As with most people, family is at the top of my Thankful List. Each family has its own story – our just happens to include adoption. November is National Adoption Month and I’ve been thinking about how adoption not only changed our lives but opened the world up to us.
My husband and I planned to have four children – two by birth and then two through international adoption. God had other plans. Our first born, Lauren, blessed our lives tremendously.
Unfortunately, I suffered through three mid-trimester miscarriages. We began our home study and waited, and waited, and waited. Finally, we learned about special needs adoption and switched agencies. We knew that if we gave birth to a child with special needs we would love and care for that child. We could do the same for an adopted child. I went to an informational meeting and, because we had a completed home study, we were called the next day with information about a little girl. Yes!!!! I am not going to gloss over the difficulties we went through to bring her home. I’ll just say that the INS lost my fingerprints three times.
Lauren and Mee Mee meeting in S. Korea.Dr. Cho is behind them.
A year and a half later, we welcomed our son home after dealing with more immigration problems which included his Korean passport expiring.
Meeting Gregory at the San Francisco Airport
And, another year and a half later, I was able to carry a daughter to term and our family was complete with four children – each a miracle.
We realized, however, how many children live without permanent families. We have tried over the years to do what we could to help enable more children to be placed into loving families. I would like to share some of this journey over the next week as we thank God for our family while knowing that there are many children who still need families.
As an adoptive mom, children’s librarian, and teacher, I am always on the lookout for good books dealing with adoption and mixed race families.
All children love to hear “their” story. With our adoptive children, we don’t have many details but the facts we do have form a narrative of love. My children were always excited about books that showed families like ours with mixed raced family members. When seeking out books for children, I am always on the lookout for books that show and celebrate diversity.
Waiting for May by Janet Morgan Stoeke tells the story of a young boy who is waiting for his baby sister who was born in China. The process of adoption and the reasons for a child to need an adoptive family are gently explained as the mother answers her son’s questions. The son participates in all aspects of the adoption process, including the travel to China. When they meet the 15 month old May, it is her new brother who gets her to smile. The author tells of her own family’s adoption experience and explains the tradition of the 100 Good Wishes Quilt sewn with red thread signifying the connection of those destined to be together.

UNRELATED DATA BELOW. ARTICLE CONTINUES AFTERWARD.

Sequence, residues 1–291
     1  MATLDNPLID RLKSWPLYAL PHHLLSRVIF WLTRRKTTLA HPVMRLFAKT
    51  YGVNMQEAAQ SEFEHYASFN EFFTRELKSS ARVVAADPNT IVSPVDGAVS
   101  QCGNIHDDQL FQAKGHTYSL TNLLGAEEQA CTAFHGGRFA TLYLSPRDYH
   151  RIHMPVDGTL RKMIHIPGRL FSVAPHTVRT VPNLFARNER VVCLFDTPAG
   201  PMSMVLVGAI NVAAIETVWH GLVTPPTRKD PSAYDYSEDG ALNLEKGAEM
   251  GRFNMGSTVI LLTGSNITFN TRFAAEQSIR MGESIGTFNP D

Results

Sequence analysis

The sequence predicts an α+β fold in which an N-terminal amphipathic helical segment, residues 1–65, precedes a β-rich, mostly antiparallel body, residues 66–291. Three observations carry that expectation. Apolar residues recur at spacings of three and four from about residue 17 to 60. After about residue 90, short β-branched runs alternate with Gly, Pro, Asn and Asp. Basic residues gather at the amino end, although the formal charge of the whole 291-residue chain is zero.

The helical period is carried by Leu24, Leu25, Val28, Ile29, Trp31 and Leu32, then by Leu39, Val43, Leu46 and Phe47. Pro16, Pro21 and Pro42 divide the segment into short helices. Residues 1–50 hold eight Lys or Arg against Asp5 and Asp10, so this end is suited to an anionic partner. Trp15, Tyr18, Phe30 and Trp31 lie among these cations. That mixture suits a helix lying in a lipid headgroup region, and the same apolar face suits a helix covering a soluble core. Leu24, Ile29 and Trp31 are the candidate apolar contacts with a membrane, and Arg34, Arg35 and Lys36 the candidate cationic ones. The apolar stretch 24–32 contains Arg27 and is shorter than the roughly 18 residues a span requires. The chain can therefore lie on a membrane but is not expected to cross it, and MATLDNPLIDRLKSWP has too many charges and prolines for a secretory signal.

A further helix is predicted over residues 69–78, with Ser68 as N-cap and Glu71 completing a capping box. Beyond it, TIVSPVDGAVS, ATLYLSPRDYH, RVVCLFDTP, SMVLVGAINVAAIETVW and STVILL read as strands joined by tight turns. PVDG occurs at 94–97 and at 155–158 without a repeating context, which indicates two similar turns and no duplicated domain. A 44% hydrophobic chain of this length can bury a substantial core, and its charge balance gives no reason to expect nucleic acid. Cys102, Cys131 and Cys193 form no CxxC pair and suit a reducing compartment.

Through Moon and Stars and Night Skies by Ann Turner (author) and James Graham Hale (illustrator) begins with a young Asian boy who says to his mother, “Let me tell the story this time, Momma.” The boy recounts the pictures he received from his future family and of his journey to his new home. He recounts his fears and then his realization that he is now safely home. My son wanted this book read to him over and over. Gregory came home at the same age as the boy in the book did. He also flew with an escort from S. Korea to San Francisco where we met him at the airport. When we put an album of pictures together, he loved to tell us his own story.
My Family is Forever by Nancy Carlson (author and illustrator) is a joyous book with bright and cheerful illustrations. An Asian girl narrates, “My family was formed by adoption, so I look just like…me! (And I’m pretty cute.) This book shows a loving and supportive family and is a good choice to share with young children both those who were adopted and for children who are learning what adoption is.
I’m Adopted by Shelley Rotner and Sheila M. Kelly is a photo essay showing children of many ethnic backgrounds. The photographs are beautiful and the text simply explains the basics of adoption. Although the title is a bit disappointing, (children shouldn’t be labeled by their adoptive status) it is wonderful to see so many diverse and happy families.
ABC, Adoption and Me: A Multicultural Picture Book for Adoptive Families by Gayle H. Swift and Casey Anne Swift (authors) and Paul Griffin (illustrator) explains the process of adoption and adoption terms in an ABC format. Terms such as foster family, open adoption, judge and birth parents are explained. The overarching message is that of love and that adoptive families are forever. (I read this as a kindle book – I couldn’t find a print version.)